Defense Secretary Chuck Hagel last week sent a blunt memo to National Security Advisor Susan Rice criticizing the administration's strategy in Syria.
According to The New York Times
, Hagel personally wrote a two-page detailed analysis in which he asserted that the policy outlined by President Barack Obama was in danger of failing because it does not outline how the United States will manage its approach to Syrian President Bashar al-Assad.
One senior official told CNN
that he was "expressing concern about overall Syria strategy" and that the main message of the memo was "we need to have a sharper view of what to do about the Assad regime."
The official did not give further details about Hagel's views but did not disagree with the idea that the U.S. has much to lose in its war against the Islamic State (ISIS) if it fails to address that element of the strategy.
Hagel has so far refrained from making his concerns public. The official told CNN that Hagel continues to support the Pentagon's plan to train and equip moderate Syrian rebels.
Earlier this month, Arizona Sen. John McCain and South Carolina Sen. Lindsey Graham said in a joint editorial
that Obama's current strategy will not be capable of eradicating ISIS unless Assad is overthrown.
"Mr. Assad all but created Islamic State through his slaughter of nearly 200,000 Syrians, and he has knowingly allowed the group to grow and operate with impunity inside the country when it suits his purposes. Until we confront this reality, we can continue to degrade Islamic State in Syria, but Mr. Assad's barbarism will continue to empower it," they wrote in The Wall Street Journal.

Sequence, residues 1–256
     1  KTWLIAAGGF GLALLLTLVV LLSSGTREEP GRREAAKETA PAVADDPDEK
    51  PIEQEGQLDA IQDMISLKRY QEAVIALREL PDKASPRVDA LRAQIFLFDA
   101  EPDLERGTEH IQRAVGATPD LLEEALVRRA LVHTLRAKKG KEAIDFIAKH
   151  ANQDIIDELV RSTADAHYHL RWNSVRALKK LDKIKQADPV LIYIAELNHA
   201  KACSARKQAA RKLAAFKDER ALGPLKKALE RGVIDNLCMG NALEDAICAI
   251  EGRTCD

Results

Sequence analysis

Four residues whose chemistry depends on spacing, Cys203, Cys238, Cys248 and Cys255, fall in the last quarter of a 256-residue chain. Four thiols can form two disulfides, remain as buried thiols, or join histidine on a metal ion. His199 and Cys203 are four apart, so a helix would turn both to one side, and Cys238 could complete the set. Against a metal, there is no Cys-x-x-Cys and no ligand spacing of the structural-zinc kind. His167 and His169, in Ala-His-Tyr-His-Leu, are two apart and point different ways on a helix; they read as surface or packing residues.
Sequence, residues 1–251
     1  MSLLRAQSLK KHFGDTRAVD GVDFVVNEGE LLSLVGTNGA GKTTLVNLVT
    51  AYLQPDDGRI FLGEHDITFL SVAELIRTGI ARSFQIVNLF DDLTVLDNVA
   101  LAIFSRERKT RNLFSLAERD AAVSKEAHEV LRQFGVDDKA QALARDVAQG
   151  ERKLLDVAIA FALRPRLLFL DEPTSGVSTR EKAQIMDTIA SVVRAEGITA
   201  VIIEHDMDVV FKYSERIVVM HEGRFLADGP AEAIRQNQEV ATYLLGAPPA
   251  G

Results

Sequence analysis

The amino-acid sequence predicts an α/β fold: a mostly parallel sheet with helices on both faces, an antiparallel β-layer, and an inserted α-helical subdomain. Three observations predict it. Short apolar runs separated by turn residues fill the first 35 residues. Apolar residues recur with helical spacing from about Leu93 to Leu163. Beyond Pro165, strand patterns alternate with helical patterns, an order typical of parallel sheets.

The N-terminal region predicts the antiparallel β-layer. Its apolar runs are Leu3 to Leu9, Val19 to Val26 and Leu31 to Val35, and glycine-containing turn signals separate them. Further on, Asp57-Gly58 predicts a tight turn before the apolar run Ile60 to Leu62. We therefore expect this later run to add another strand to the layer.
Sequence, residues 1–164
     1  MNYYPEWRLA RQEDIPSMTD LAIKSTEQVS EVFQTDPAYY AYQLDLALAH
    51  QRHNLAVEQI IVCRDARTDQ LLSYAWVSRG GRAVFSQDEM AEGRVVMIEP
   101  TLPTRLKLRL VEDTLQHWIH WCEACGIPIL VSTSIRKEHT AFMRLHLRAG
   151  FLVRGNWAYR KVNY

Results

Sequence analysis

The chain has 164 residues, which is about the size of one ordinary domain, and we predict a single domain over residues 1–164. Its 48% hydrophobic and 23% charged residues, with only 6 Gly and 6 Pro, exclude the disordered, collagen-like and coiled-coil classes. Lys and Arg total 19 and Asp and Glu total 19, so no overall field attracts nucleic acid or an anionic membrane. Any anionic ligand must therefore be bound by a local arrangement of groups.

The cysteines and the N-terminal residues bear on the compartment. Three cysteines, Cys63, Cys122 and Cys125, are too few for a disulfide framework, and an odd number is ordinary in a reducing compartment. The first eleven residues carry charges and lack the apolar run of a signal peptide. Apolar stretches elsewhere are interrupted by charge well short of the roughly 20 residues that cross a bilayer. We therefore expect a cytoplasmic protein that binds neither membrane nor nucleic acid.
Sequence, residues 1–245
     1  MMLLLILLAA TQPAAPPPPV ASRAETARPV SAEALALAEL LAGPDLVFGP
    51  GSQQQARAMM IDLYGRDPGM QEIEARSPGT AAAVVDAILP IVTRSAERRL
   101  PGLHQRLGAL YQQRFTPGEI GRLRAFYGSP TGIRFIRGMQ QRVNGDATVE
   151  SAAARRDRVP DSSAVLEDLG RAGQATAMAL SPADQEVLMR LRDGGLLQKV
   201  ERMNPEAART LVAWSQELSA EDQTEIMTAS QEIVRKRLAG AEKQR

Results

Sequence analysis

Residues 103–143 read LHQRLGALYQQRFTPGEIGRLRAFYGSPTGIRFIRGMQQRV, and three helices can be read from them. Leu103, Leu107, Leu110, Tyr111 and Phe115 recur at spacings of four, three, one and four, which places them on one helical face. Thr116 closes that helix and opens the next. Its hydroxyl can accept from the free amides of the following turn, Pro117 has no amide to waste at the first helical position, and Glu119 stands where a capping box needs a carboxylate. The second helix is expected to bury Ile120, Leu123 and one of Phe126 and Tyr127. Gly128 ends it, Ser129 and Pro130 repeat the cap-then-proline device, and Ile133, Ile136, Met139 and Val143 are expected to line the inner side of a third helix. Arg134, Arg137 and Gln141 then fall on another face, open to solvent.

McCain and Graham also said that it's implausible to arm and train 5,000 Syrians to fight against ISIS while at the same time neglecting to protect them from Assad's airstrikes.
"Our efforts to buildup a viable Free Syrian Army to liberate Syria from the evils of the Islamic State and Mr. Assad will surely fail if the Syrian ruler is not dealt with. To expect Mr. Assad to sit on the sidelines as the Free Syrian Army gains capacity would be a colossal mistake and doom efforts to stop Syria from sinking further into the abyss," they said.
has subsequently gone further, warning that the airstrikes against ISIS were enabling Assad, who has "intensified his strikes against the Free Syrian Army."
From the start, Obama's strategy in Syria
received criticism from Republicans for its lack of specificity. Democrats also signaled their concern that it was not detailed enough to get a clear view of whether it would be sufficient to meet the administration's goal of "degrading and destroying" the militant group.
The most recent criticism came this week from Louisiana GOP Sen. David Vitter
who characterized the American-led airstrikes against ISIS as "largely window dressing."
"I don't think we have a comprehensive approach, a comprehensive strategy," Vitter told Fox News Channel's "Sunday Morning Futures."
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